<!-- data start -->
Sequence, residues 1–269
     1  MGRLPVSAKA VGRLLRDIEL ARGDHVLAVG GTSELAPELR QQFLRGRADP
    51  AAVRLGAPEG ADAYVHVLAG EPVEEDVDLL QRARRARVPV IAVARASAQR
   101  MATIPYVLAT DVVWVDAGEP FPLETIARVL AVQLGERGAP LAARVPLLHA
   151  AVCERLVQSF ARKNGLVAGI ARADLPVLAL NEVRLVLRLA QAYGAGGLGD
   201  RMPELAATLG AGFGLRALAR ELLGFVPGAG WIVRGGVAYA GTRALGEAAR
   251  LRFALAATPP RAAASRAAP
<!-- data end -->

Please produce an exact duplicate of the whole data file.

Sequence, residues 1–269
     1  MGRLPVSAKA VGRLLRDIEL ARGDHVLAVG GTSELAPELR QQFLRGRADP
    51  AAVRLGAPEG ADAYVHVLAG EPVEEDVDLL QRARRARVPV IAVARASAQR
   101  MATIPYVLAT DVVWVDAGEP FPLETIARVL AVQLGERGAP LAARVPLLHA
   151  AVCERLVQSF ARKNGLVAGI ARADLPVLAL NEVRLVLRLA QAYGAGGLGD
   201  RMPELAATLG AGFGLRALAR ELLGFVPGAG WIVRGGVAYA GTRALGEAAR
   251  LRFALAATPP RAAASRAAP